The Journey of Art: creating an oversized contemporary Canadian landscape painting

How long does it take an artist to create an oversized contemporary painting of the Canadian landscape?  It is not an easy question to answer, especially when a painting unfolds during a transitional period in the world. This painting of the iconic Princess Louisa Inlet began after an artist journey to London, England. The painting was created in the last few months of 2019 on loose un-finished cotton canvas duck. The piece appeared in a short documentary film and then went into storage until 2020. Then COVID took over the world and the artist turned her focus back to her work at hand, painting her visual stories of Canada. As the world came to level out again, an opportunity to stretch and finish the canvas for sale. Really GREAT ART, takes time, and a pandemic delivered this gift of time. Chronicling the journey of art, a behind the scenes recap.

Initial painting of the Landscape on un-stretched cotton duck canvas.

Stretching the canvas at Presentation Framing in Sidney, BC

Journey of Art

Now that the painting is stretched to it’s final size, it asks for more details, it is not quite finished yet. A red canoe, a new sky, and some added details throughout.

Journey of Art

Canadian Artist Landscape Painting

Viewing the painting in the golden light outside, partially due to BC Forest fires and a hazy sky.

Journey of Art

Another look in the light after a UV protective varnish is applied.

Canadian Artist Brandy Saturley

Temporary hang on wall to sign, examine, and prepare for final documentation of the painting through photography.

Final photo of the piece and installation example. This piece needs a large feature wall in a home or in a corporate office or hotel lobby.

Canadian Landscape Painting

This is the journey of Art and it takes time to create a lasting visual story on canvas. This piece is both contemporary but also has a modern art feel in it’s execution. Experimenting with brush strokes and the actual staining of this canvas in order to produce soft background effects. While the piece is a bit of a departure from my more figurative works, I still managed to retain my ‘pop art style’ and palette. This piece certainly reflects my affinity for Canadian landscapes and the iconic red canoe, which acts as the focal point of the piece. It is a gem that deserves a great big feature wall.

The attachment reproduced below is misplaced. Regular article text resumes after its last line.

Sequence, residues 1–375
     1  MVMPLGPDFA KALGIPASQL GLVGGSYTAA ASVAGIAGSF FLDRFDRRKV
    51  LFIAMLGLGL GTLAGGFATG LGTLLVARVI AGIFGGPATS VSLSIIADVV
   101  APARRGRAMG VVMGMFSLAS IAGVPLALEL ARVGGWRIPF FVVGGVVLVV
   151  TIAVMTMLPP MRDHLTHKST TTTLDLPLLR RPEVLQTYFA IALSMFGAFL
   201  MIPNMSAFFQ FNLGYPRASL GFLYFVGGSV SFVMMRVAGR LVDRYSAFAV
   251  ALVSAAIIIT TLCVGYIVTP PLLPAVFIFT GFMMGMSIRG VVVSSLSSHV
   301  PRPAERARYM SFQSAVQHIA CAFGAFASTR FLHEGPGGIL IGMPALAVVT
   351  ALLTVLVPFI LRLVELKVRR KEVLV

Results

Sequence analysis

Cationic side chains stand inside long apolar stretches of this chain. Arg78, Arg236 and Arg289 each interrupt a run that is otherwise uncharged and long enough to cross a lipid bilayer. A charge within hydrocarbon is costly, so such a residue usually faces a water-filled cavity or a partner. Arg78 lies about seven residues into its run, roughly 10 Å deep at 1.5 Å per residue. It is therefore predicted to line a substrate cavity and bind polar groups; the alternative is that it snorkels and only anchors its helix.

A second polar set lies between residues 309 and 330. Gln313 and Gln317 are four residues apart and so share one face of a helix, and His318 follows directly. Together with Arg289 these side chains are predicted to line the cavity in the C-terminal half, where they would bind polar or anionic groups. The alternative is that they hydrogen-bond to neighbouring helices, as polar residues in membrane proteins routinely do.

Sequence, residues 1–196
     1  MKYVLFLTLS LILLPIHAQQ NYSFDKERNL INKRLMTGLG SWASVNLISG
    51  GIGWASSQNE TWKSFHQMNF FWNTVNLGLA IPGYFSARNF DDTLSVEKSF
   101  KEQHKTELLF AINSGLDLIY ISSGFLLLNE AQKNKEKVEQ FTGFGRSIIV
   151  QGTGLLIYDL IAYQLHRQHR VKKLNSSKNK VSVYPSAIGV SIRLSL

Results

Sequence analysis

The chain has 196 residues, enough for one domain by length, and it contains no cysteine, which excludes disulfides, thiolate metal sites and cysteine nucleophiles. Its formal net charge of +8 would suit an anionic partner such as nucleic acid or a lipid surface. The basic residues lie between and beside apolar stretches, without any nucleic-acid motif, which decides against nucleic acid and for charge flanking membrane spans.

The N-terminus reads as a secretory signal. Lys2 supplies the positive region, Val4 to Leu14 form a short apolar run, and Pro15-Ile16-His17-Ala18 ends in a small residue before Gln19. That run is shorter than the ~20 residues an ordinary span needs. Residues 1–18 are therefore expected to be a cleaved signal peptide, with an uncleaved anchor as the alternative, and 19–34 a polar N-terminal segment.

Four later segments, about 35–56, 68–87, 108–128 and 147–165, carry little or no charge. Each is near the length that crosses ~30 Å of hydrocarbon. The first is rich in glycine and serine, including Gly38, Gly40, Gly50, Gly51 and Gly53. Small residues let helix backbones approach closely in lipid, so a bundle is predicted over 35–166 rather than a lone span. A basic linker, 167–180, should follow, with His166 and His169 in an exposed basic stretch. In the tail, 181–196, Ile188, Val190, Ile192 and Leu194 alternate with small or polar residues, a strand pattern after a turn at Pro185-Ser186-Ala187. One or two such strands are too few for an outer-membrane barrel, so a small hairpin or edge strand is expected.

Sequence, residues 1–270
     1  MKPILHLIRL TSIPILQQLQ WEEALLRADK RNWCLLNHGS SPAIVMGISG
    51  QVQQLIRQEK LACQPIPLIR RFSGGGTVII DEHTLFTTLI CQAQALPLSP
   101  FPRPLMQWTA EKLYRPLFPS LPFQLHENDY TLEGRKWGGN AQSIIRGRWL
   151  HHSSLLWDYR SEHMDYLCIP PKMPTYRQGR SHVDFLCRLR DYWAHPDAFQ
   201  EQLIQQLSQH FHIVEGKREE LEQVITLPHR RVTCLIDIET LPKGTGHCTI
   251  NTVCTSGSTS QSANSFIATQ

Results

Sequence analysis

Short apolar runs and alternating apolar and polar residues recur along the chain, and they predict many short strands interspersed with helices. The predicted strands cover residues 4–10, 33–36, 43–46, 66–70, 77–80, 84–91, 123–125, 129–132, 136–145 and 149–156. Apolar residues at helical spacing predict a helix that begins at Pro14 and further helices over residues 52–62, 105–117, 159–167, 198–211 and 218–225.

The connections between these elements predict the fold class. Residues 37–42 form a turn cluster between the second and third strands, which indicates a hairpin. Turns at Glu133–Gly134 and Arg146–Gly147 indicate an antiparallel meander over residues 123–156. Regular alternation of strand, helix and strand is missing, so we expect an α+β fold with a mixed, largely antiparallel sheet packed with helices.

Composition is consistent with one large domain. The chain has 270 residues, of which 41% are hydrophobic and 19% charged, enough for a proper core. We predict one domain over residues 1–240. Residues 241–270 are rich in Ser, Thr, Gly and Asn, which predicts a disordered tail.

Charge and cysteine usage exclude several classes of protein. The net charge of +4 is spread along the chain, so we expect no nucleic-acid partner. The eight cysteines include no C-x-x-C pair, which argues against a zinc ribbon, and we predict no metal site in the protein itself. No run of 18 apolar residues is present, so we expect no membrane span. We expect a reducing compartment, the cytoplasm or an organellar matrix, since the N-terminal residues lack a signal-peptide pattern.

See more detailed photos of this painting.

Painting a famous Canadian landscape in Banff, Alberta – all hail Lake Louise

I have visited Lake Louise on many occasions; during the summer when the lake is reflecting hues of tropical turquoise, and in winter when the ice is so think you can skate, snowshoe, ski, hike and even build castles on the lake. I have painted this famous Canadian landscape and her accompanying peaks nine times, and at different stages of my art career. Most recently, upon my return from London, I began painting immense landscapes on unstretched duck canvas. The first landscape being Princess Louisa Inlet, on the sunshine coast of British Columbia. Princess Louisa Inlet is rumored to have been named for Princess Louise or maybe even after Queen Victoria’s Mother. My second large landscape, measuring seven feet wide, was completed in December and honours the view of Lake Louise, from the Fairmont Lake Louise eastern shoreline facing west.

In summer 2019, my art career led me to London England. My time in London coincided with the 200th anniversary of Queen Victoria’s birth, which meant the opportunity to open the monarchs’ archives and share the mementos and stories of her personal life, a side not often seen and certainly not on this scale. What intrigued me most during my time in London was the exhibition at Kensington Palace, Victoria: Woman & Crown. The exhibition offered a peak behind the royal curtain, and included many stories of her and Albert’s love of the Arts and included many of her own personal paintings. There are many connections between my home town of Victoria, Canada (named after the monarch) as well as the Province of Alberta (named after the monarch’s fourth daughter, Princess Louise Caroline Alberta) the name Alberta itself, the feminine of Albert and derived from German carries a meaning of bright, noble and famous.

In their public lives, both the Queen and Princess Louise were strong proponents of the arts. Louise was an able sculptor and artist, and supporter of the feminist movement. Lake Louise in Banff, Alberta was named after the monarch.

While working on this large Canadian landscape painting, I filmed my daily painting progress in the studio. Filmed in time-lapse mode (super fast painting) the film shows the many layers of acrylic colour; applied in repetition until the desired hues, form, and depth is achieved. I paint using music, it helps me to set the tone in my studio. When editing this short film together, I had to find music to accompany the final piece, that not only matches the tone of the film, but also the tone of the final work itself.

Watch the entire process of painting, Lake Louise Swish here:

See more photos and read about the painting here:

Canadian artist landscape painting Brandy Saturley

See past works inspired by Lake Louise on the artists’  website here:

painting of Lake Louise with red poppies

Poppies For Louise – by Brandy Saturley